Governor Bullock Should Veto SB411

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Following the temper tantrum of the right wing who blocked desperately needed infrastructure across the state, much of the work of the 2015 legislative session is over. Among the unresolved issues is the fate of SB 411, which would close the Montana Developmental Center in Boulder by 2017. Governor Bullock should veto the bill, because there are simply too many unanswered questions about client care if the MDC were to shut down so precipitously. There’s little doubt Montana can do more for clients in need of the services provided at the MDC, but to close the facility in two years is tantamount to calling for abandoning and imprisoning some who desperately need the services only a facility like MDC can provide.

The close, conflicting, and repeated votes to pass and kill SB 411 demonstrate that the bill simply isn’t read to be made into law. Watching the testimony of parents, mental health care providers, and workers at the MDC was heart wrenching, but the bill that left the legislature simply should not be signed into law. I don’t think there is a single person who’s taken the lead on either side of this bill who is motivated by anything but the best interest of the clients currently at MDC and I have a great deal of respect for people on both sides of the issue, but the often-hyperbolic rhetoric of those calling for the closure of MDC obscures a far more complex reality for clients were the MDC to close.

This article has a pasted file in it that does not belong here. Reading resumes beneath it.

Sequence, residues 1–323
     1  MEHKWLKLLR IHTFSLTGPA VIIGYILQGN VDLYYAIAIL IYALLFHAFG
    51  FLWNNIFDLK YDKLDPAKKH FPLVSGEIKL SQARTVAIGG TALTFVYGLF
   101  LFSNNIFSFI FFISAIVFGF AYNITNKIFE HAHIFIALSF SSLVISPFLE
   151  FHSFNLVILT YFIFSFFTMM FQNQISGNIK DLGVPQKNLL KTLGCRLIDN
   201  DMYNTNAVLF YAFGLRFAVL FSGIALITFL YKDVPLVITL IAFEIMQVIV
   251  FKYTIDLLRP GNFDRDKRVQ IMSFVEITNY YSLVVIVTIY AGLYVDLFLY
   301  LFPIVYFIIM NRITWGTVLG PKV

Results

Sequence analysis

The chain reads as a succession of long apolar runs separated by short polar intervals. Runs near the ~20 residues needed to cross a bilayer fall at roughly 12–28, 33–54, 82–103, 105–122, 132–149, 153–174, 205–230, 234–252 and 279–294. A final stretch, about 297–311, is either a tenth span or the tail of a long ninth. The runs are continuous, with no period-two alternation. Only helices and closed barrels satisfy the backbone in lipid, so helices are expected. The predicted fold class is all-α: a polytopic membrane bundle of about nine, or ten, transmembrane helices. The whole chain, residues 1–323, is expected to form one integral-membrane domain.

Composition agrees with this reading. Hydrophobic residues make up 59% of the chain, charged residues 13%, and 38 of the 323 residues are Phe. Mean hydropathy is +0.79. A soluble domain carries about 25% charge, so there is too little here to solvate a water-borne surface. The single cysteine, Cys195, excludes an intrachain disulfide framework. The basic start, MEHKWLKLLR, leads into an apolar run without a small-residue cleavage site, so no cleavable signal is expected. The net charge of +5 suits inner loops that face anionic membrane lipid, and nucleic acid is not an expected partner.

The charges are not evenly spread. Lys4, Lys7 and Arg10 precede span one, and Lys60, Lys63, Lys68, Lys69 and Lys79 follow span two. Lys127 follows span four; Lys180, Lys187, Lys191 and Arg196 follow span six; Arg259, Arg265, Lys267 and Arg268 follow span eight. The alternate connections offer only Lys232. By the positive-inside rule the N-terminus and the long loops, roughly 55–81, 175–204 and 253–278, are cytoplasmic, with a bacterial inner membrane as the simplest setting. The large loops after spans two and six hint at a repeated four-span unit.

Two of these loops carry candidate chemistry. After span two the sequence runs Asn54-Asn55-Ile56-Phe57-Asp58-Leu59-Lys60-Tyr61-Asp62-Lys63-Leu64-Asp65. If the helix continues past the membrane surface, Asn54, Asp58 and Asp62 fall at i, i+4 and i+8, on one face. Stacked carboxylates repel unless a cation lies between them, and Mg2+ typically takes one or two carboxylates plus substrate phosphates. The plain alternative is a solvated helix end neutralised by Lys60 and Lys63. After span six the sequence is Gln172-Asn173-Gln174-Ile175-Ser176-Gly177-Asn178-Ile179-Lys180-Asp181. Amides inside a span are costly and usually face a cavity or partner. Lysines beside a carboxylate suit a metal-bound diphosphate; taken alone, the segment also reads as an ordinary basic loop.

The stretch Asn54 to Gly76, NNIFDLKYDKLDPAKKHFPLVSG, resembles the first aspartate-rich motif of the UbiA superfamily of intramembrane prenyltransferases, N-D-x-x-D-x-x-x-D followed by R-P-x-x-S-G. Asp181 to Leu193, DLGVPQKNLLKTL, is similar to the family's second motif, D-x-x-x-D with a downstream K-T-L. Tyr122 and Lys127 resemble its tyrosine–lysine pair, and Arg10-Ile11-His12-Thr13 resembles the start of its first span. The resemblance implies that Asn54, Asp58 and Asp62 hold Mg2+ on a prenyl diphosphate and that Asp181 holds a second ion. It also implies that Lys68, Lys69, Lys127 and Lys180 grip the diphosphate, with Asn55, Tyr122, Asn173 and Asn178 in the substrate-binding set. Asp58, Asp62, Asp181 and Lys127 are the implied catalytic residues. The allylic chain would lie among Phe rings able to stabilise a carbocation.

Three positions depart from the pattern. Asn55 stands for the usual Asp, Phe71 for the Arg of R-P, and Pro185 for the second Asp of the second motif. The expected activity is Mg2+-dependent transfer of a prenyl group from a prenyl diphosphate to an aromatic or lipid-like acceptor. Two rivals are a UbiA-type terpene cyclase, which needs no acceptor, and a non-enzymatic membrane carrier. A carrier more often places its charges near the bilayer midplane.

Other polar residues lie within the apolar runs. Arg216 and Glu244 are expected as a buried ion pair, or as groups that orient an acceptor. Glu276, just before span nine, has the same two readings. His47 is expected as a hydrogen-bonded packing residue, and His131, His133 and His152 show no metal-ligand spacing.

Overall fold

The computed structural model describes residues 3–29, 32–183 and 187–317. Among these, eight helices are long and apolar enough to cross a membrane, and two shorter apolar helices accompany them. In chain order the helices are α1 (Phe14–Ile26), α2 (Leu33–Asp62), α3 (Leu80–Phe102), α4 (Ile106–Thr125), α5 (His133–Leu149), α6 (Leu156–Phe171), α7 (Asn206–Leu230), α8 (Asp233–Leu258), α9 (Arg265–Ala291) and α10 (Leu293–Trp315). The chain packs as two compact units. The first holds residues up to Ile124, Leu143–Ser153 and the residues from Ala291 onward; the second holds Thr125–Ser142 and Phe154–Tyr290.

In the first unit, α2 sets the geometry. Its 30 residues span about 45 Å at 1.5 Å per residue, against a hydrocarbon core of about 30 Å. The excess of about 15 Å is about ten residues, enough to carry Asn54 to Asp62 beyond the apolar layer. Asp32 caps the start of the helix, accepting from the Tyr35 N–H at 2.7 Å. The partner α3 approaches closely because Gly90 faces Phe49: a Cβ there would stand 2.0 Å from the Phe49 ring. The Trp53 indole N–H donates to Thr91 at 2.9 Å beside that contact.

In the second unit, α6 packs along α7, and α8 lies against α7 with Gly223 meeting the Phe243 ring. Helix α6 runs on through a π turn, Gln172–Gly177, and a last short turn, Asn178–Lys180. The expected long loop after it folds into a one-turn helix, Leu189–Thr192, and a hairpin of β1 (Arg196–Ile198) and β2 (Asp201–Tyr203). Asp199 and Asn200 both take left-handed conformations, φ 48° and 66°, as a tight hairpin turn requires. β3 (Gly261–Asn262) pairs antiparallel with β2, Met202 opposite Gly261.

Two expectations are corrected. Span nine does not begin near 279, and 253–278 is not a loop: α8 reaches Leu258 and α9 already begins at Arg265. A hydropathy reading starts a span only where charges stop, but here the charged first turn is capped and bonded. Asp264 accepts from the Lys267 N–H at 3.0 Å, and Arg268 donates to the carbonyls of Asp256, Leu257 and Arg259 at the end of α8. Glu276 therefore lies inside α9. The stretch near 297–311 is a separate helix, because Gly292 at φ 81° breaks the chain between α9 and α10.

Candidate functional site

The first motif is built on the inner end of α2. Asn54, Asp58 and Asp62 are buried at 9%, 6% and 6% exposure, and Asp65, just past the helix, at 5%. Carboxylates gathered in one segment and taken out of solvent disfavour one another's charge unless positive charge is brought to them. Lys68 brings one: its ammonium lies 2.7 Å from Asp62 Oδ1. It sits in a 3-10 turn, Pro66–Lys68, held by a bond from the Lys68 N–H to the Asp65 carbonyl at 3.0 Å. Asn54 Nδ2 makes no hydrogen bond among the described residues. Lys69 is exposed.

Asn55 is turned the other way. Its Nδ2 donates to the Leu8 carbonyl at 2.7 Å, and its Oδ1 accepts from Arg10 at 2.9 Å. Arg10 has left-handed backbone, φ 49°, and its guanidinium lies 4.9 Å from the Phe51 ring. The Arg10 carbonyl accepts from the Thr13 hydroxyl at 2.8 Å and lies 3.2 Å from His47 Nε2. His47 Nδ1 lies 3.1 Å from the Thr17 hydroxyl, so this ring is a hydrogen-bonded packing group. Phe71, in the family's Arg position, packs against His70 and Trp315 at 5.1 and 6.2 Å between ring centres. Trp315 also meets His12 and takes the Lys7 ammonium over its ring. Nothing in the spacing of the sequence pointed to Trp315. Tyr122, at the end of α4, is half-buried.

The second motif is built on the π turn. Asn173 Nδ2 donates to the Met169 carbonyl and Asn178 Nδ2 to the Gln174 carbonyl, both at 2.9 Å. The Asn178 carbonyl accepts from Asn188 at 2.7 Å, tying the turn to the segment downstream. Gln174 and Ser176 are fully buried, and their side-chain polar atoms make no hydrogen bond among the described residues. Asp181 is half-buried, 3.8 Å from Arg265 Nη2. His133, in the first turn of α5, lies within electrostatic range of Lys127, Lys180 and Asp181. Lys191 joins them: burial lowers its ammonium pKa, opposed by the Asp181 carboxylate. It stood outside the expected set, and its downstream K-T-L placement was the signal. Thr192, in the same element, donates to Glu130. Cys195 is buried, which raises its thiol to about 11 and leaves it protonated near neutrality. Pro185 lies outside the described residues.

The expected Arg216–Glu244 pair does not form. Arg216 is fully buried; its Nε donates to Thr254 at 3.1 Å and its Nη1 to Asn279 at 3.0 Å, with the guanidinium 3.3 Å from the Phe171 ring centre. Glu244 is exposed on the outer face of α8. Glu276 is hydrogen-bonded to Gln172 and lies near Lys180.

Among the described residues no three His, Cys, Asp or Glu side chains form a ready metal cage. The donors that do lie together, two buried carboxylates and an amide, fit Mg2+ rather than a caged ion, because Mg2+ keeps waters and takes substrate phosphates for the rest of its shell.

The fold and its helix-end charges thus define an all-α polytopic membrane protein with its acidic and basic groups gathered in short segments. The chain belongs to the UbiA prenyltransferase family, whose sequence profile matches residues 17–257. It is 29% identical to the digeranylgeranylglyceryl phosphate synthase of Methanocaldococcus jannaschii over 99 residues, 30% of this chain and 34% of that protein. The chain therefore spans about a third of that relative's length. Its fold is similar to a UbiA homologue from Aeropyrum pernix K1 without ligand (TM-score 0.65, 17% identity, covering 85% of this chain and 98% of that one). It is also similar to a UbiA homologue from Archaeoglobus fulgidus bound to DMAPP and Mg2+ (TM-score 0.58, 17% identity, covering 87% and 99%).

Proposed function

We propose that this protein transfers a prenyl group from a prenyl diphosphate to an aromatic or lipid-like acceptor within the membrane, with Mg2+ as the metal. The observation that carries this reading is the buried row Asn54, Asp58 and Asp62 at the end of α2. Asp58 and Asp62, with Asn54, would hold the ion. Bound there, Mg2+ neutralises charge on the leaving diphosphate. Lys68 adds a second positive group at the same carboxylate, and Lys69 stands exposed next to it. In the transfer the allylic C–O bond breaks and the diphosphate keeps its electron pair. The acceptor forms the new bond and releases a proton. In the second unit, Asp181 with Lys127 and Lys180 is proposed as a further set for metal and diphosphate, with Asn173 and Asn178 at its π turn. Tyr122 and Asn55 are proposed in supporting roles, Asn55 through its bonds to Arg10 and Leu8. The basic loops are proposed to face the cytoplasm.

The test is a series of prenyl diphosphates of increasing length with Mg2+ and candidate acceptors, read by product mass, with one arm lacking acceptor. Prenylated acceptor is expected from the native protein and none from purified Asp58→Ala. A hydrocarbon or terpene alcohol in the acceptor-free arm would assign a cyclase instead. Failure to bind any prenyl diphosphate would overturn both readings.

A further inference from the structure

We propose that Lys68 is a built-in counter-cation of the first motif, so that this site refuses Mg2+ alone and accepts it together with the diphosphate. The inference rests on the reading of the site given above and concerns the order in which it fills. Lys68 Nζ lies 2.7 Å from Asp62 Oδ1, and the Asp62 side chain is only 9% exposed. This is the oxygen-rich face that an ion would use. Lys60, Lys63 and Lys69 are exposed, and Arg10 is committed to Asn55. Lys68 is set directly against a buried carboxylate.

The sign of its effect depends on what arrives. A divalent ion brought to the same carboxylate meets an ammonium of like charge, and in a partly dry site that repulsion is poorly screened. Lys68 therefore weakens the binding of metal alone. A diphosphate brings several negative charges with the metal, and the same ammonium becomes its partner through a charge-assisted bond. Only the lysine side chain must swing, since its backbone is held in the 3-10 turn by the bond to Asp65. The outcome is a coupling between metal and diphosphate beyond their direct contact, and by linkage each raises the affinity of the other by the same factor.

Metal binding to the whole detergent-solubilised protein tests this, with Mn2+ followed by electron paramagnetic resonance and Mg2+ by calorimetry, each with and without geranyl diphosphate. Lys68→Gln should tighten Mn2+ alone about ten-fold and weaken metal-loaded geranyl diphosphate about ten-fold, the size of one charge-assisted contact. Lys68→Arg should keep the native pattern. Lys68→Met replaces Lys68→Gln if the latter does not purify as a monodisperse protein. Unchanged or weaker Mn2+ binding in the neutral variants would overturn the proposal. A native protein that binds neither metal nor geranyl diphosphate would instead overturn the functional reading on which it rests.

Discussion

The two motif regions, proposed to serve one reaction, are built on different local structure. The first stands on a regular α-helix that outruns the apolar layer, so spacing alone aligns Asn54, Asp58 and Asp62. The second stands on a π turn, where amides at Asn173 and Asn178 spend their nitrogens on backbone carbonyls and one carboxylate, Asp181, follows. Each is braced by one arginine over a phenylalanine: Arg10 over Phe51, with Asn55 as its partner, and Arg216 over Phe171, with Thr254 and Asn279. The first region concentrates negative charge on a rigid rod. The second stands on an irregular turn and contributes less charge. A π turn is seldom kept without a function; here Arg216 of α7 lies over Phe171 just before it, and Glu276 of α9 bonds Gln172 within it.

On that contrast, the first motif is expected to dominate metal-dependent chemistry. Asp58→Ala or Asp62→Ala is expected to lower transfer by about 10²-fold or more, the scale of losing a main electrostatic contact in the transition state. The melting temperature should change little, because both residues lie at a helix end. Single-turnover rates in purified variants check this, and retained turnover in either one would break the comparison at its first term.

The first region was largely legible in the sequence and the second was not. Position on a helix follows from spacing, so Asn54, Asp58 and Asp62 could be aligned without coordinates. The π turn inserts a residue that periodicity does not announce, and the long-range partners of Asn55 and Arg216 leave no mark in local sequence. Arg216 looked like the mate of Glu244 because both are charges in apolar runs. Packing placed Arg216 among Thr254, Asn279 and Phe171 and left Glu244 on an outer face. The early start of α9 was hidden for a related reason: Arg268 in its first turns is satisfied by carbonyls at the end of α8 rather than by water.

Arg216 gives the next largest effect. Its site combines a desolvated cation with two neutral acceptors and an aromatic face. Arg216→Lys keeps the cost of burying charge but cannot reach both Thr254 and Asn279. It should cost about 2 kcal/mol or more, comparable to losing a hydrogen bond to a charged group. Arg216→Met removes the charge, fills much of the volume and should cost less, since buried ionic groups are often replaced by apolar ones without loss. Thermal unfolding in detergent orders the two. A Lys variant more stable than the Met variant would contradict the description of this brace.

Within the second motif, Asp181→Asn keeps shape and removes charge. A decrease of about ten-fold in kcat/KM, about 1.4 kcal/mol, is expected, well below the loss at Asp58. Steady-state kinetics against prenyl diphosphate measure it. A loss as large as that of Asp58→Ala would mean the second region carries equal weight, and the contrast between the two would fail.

My argument does not suggest that I take the concerns about abuse at the MDC lightly. The Department of Public Health and Human Services does need to investigate its policies that may not have done enough to prevent cases of abuse and neglect. But it’s incredibly naïve to believe that these problems are unique to MDC. Clients who will be placed in community treatment will still suffer from serious disabilities that can, unfortunately, lead to abuse both by clients and perpetrated on them. Carol Dailey, whose son was at both MDC and a series of community placements, described the latter:

His service provider, I was told, referred to Shawn as his “money maker.”  Even though that community provider could not care for him, had no programming suitable for him, and could not manage his behavior, they would not consider referring him elsewhere.  His escalating violent behaviors were managed by giving him more and more drugs until he was left in his room in a drugged stupor with no activities. His health was deteriorating; he was clearly spiraling downward in his physical condition, yet they insisted on keeping him, because he “made them money.”

The crucial difference, though, is that data collection—used to perhaps unfairly demonize MDC—will no longer be centralized or as reliable.

That’s not to suggest that most, if even many, community placements are bad for clients, but it does put to rout the somewhat specious claims of SB 411 proponents who suggest that abuse is unique to MDC. This is a complex issue, and pretending that MDC is some villainous organization bent on abuse of patients while community placements never have a dark side doesn’t serve logic, policy making, or patients. The very data opponents of MDC used—and occasionally misused—to demonize the facility will be far less available in an atomized system of community placements.